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Hyundai’s US Growing Pains

GLENDALE, CA - JANUARY 05: Hyundai cars are on display in the showroom of the Hyundai dealership on January 5, 2011 in Glendale, California. Hyundai Motor Co. market share in the United States climbed just short of 5% in 2010. United States auto sales rose 11% in December. (Photo by Kevork Djansezian/Getty Images)
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GLENDALE, CA - JANUARY 05: Hyundai cars are on display in the showroom of the Hyundai dealership on January 5, 2011 in Glendale, California. Hyundai Motor Co. market share in the United States climbed just short of 5% in 2010. United States auto sales rose 11% in December. (Photo by Kevork Djansezian/Getty Images)

After a decade of major gains in the U.S., Hyundai finds itself with a good problem. Its U.S. plants are close to hitting full capacity, so the Korean automaker can do little to meet strong demand for the Sonata, Elantra, or Santa Fe.

To say Hyundai is leaving sales on the table would be an understatement. While sales are up 9.5% this year, that trails the industry as a whole which is up 14%. This is one reason why Hyundai’s market share in the U.S. has dropped two tenths of a percent to 5%.

It also doesn’t help that Toyota is enjoying a resurgence in sales.

That’s the downside to having a product line-up that is red-hot right now. Look at the day supply of vehicles for various brands, according to Ward’s Auto Inventory Report:

Ward's Auto Inventory Report

Brand
Day Supply
Hyundai 21
Subaru 32
Honda 45
Toyota 48
Industry Avg. 55
Nissan 56
Ford 56
VW 72
Chevrolet 75
Source: Ward's

For Hyundai, the decision will soon be when to add more production capacity to North America. It takes a couple years to get a new plant up and running. Hyundai has been emphatic in stating that its focus right now is on maintaining quality and not expanding production. Fair enough. The Korean automaker does not want to make the same mistake Toyota made a decade ago of expanding so aggressively that its quality slipped. (Read More: Consumer Reports Says Ford Touch-Screen System "Stinks")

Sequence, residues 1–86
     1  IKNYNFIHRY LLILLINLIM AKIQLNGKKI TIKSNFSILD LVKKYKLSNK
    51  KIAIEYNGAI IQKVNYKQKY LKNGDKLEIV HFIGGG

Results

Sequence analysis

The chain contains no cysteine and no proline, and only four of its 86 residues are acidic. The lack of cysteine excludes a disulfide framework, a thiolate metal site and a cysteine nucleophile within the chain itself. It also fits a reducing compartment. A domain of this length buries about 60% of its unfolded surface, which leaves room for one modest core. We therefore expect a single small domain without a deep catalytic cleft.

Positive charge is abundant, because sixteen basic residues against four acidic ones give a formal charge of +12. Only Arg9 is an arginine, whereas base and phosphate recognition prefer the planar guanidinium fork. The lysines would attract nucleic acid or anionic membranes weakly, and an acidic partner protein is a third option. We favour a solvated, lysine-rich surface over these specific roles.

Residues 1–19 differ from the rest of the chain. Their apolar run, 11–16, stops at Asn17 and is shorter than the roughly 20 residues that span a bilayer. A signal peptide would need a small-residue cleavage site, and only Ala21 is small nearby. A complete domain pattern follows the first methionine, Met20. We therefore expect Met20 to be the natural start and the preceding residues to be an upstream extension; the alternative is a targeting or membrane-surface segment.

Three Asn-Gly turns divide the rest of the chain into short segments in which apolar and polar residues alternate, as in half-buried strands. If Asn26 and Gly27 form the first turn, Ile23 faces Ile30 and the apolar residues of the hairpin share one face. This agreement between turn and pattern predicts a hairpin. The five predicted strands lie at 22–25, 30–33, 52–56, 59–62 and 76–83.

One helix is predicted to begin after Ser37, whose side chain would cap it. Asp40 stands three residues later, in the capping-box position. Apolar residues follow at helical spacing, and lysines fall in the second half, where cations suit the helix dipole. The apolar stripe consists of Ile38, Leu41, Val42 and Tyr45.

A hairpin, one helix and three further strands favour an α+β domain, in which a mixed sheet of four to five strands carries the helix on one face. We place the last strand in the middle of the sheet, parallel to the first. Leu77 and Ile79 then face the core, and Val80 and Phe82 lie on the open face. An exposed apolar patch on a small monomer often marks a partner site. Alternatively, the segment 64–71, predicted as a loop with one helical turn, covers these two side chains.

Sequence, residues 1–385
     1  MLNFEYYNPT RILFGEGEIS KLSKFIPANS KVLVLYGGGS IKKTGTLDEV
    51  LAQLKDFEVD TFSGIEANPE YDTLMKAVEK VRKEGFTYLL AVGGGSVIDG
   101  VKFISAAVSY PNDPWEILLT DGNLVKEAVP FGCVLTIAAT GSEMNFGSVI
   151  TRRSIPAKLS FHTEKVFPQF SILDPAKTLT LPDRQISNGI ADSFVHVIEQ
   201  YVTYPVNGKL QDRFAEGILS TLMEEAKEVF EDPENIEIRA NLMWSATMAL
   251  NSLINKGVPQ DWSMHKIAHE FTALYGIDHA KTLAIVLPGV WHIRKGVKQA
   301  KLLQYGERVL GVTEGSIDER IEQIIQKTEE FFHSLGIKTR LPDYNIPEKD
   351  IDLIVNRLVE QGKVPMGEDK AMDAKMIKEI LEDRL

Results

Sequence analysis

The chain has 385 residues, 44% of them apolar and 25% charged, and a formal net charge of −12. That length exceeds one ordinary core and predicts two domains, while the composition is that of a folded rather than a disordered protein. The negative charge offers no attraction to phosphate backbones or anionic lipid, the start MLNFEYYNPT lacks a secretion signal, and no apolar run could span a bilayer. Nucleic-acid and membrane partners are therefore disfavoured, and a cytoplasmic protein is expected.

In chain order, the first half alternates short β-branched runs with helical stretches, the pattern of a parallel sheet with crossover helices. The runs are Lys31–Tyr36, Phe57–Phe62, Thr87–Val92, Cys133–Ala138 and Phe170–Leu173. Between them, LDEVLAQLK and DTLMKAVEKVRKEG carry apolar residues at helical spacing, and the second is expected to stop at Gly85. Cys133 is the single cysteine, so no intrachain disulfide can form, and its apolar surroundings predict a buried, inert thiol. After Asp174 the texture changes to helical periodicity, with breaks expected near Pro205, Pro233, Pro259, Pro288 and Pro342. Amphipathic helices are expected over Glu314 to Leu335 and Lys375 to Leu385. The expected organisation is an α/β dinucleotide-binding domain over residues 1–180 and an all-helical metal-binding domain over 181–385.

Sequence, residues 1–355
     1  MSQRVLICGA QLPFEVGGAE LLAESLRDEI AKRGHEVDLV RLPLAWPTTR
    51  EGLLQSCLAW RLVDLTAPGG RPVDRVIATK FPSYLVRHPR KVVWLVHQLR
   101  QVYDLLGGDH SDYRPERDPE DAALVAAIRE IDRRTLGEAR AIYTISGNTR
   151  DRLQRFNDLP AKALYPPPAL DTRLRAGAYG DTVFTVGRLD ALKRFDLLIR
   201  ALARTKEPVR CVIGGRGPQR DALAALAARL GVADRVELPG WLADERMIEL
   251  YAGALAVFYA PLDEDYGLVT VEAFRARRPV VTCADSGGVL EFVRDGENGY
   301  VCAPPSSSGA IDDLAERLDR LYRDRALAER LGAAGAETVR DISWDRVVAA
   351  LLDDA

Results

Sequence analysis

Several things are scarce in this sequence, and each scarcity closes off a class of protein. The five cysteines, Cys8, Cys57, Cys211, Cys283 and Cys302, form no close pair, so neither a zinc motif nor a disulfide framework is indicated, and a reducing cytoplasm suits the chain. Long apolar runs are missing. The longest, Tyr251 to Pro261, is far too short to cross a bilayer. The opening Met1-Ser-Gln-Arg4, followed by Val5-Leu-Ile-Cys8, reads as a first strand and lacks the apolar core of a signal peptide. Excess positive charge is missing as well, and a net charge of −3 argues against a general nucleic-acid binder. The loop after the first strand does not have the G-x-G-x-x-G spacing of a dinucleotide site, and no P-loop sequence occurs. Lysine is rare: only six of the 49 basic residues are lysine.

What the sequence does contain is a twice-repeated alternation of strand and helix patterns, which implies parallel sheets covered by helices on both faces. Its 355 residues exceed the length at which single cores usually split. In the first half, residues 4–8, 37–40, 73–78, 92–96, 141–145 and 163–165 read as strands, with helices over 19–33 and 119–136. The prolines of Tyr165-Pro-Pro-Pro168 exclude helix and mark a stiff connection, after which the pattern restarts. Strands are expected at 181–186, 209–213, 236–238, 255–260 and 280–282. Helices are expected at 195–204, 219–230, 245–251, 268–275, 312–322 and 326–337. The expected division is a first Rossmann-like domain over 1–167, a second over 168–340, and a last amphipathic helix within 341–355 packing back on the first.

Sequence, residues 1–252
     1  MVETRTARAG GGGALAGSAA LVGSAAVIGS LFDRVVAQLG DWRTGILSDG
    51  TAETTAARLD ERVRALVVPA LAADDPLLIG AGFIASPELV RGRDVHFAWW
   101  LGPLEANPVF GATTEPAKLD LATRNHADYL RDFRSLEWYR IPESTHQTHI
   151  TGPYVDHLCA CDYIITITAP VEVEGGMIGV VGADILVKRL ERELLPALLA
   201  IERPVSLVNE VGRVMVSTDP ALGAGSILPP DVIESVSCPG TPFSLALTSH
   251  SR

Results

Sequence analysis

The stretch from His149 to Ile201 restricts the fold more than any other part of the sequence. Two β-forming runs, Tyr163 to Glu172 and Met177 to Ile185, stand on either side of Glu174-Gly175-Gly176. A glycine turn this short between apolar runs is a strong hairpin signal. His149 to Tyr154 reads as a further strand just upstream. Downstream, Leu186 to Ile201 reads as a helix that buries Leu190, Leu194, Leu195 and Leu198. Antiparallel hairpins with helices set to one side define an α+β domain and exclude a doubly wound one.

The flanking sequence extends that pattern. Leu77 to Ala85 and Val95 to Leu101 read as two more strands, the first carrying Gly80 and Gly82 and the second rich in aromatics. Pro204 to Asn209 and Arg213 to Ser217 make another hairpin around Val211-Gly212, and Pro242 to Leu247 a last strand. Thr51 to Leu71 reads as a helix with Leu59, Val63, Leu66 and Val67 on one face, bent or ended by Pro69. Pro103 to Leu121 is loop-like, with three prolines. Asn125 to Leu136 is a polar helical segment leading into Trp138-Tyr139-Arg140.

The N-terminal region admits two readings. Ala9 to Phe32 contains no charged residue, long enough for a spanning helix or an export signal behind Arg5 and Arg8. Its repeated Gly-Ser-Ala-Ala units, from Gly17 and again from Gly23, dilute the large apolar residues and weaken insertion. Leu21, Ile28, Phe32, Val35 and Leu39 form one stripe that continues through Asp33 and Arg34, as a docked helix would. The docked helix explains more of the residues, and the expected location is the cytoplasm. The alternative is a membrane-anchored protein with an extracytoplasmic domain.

That said, make no mistake about the importance of the visit to the U.S. this week by Hyundai’s chairman Chung Mong-koo. He is meeting with executives at Hyundai’s U.S. headquarters and will visit the Hyundai Plant in Alabama and Kia plant in Georgia. Officially, Hyundai says its chairman is not in the U.S. to discuss future expansion plans here. When I talked with auto industry veterans who have worked with automakers as they added or expanded plants, all of them said the same thing: Expansion is on the radar for Hyundai.

In July the U.S. passed South Korea to become the second largest market in the world for Hyundai. China is still number one and will be for the foreseeable future. It is here in the U.S. where Hyundai faces some tough choices. There are reports in Korea that Hyundai’s Chairman will be discussing Hyundai’s “lackluster” sales in the U.S. The reports all gloss over the fact that Hyundai’s growth here is, to a large extent, constrained by capacity.

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